Pumpkin patch

Kindergartner Azaria (school didn’t want last names) picks her pumpkin from The Venetucci Farm’s pumpkin patch Friday, Oct. 23, 2020, in the school yard at Centennial Elementary School. Students from the Colorado Springs area have picked pumpkins at the farm for more than 50 years, but this year with COVID-19, Pikes Peak Community Foundation and Catamount Institute are bringing 1,200 pumpkins to kindergarteners throughout the Pikes Peak region. The pumpkins are purchased from Milberger Farms in Pueblo. 

Pikes Peak region schools could postpone students' return to classrooms in January by a couple weeks after discussions with county health authorities, local school and health officials confirmed.

No return dates have been finalized, but school leaders have tentatively agreed a delay "might be prudent," according to El Paso County Public Health.

"Adjusting return-to-learn dates for second semester is a conversation in which school leaders and public health are actively engaged," county health spokeswoman Michelle Hewitt said Wednesday. "Based on these discussions, there was consensus that it might be prudent to wait a couple weeks after the holidays before having students return to in-person instruction in schools."

The delay would "allow time to assess the local data, trends and whether holiday travel or gatherings have an impact on COVID-19 numbers regionwide," she said.

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Fountain Fort-Carson School District 8 could delay students' return to school in January until mid-month at the suggestion of the county health department, the district's superintendent said Wednesday.

"El Paso County Health thought it was a good idea after so much travel," Superintendent Keith Owen said at the district's Board of Education meeting, streamed virtually.

"The specific return-to-learn date will depend on the impact of COVID-19 in our community, and we are hoping it will be no later than Jan. 19 for all levels," district spokeswoman Christy McGee said in an email.

The district had been slated to resume classes on Jan. 6. 

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When asked if they were considering similar decisions, the area's other major districts did not immediately offer comment, with the exception of District 11, the area's second largest.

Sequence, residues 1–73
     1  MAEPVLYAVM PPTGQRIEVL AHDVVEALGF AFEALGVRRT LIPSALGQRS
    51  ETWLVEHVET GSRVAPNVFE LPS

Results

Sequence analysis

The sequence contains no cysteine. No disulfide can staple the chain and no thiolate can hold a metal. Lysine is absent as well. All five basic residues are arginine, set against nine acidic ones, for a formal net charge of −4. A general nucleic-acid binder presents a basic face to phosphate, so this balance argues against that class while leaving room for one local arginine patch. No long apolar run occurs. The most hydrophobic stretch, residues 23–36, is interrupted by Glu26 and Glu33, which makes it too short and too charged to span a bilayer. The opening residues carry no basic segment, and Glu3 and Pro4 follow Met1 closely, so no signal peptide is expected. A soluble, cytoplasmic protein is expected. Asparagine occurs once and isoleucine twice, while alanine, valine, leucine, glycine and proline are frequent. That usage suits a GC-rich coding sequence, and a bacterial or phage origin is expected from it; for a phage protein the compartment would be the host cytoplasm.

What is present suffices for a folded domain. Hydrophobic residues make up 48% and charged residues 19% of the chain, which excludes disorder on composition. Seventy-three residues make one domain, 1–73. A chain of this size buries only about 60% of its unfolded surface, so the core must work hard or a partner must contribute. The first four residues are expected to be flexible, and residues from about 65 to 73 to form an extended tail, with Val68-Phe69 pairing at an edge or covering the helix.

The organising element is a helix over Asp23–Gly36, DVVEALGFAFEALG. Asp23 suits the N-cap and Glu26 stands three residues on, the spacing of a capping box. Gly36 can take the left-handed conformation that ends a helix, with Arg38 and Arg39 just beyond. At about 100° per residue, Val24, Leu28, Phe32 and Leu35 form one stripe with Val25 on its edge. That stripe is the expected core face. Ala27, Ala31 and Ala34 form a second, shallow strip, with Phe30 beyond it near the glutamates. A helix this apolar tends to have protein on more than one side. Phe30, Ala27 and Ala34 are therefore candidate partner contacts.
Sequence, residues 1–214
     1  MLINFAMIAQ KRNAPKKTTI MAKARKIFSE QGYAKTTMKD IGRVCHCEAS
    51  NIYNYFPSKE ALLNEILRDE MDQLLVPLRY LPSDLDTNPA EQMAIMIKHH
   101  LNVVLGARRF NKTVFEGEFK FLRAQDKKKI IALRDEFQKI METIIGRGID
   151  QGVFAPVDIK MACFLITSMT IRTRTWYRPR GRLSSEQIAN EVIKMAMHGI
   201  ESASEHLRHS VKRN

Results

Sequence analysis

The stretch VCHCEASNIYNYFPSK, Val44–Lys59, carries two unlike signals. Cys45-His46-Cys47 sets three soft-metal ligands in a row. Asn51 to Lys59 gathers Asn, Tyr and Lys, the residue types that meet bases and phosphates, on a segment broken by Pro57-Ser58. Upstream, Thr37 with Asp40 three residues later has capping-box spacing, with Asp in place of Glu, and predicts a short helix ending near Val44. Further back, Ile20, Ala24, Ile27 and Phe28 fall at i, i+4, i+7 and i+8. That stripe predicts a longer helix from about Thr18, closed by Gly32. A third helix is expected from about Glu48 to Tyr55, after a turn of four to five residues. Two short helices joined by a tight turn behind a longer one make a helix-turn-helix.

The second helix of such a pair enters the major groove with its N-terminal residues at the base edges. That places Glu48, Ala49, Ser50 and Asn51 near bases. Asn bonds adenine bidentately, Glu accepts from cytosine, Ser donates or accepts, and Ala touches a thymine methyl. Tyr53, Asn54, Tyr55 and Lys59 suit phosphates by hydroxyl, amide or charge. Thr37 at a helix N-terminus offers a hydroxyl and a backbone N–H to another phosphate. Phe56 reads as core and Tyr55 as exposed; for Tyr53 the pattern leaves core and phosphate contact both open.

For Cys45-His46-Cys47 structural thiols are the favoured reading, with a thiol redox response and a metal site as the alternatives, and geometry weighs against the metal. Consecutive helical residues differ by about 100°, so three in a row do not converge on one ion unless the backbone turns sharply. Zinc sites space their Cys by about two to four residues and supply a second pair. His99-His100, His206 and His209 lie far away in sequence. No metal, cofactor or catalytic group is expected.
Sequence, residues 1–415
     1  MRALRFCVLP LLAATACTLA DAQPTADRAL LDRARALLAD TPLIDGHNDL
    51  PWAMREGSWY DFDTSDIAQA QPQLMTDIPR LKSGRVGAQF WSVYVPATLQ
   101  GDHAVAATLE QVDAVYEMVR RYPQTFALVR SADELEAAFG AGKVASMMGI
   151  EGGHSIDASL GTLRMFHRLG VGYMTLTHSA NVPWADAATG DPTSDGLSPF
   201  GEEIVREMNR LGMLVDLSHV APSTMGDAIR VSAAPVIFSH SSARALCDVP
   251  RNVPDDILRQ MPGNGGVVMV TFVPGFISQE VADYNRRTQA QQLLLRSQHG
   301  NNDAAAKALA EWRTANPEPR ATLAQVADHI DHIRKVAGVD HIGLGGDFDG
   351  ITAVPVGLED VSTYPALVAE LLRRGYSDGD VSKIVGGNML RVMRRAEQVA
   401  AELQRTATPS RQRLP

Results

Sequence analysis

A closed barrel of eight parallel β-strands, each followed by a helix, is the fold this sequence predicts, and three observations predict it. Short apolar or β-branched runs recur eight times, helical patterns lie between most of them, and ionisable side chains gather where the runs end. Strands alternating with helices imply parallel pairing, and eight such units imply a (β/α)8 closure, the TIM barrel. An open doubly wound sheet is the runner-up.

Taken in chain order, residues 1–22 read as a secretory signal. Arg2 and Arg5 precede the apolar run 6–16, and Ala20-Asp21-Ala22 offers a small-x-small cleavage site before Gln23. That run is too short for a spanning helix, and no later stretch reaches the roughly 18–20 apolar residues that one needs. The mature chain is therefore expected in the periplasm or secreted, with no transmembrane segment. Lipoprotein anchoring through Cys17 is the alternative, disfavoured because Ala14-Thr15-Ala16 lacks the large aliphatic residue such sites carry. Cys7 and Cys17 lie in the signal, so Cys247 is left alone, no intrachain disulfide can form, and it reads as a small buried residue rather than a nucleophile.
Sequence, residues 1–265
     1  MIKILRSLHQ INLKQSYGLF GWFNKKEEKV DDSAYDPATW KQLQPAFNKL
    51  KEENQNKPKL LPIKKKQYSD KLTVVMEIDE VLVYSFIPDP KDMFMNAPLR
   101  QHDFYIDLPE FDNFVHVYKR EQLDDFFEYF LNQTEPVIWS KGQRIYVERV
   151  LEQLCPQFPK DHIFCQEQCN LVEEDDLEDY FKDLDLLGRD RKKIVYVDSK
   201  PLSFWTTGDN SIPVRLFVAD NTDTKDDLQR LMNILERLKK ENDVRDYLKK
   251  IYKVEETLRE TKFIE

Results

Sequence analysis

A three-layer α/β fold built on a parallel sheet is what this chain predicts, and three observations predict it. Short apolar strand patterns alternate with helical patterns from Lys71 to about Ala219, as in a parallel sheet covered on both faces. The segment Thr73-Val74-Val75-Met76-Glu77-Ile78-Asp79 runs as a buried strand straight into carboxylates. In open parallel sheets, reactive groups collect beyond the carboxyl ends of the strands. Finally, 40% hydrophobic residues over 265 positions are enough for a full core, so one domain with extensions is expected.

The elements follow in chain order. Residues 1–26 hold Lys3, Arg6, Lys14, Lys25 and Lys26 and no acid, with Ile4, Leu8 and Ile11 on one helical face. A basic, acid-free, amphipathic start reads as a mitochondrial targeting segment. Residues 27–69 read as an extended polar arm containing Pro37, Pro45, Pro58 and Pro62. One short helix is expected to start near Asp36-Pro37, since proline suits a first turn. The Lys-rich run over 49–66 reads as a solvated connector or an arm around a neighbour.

A similar delay "is possible, but no decisions have been solidified," District 11 spokeswoman Devra Ashby said.

Area school officials will discuss "what is the best and what is the most unanimous approach we can take as a region to ensure we are bringing our students back on a regular, consistent basis," District 11 Superintendent Michael Thomas said at his district's Wednesday Board of Education meeting.

"What I don't want to do is we're on, we're off, we're on, we're off," he said. "It's a psychological toll that I can't even begin to put into words. It's almost as if staff and students can't be engaged, even if they're physically there.

"The dance is undoable."

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Many of the area's school districts are in remote-learning mode for the remainder of the calendar year, with plans for a potential return to classrooms in January uncertain.

In July the county health department recommended that schools delay the first day of classes until at least Aug. 17 due to the rise of coronavirus cases in the Pikes Peak region.

As of Tuesday the county had a COVID-19 incidence rate of 1,200 per 100,000 residents over a two-week period, and a positivity rate of more than 15%. The county remained in the red phase of the state's COVID-19 dial.

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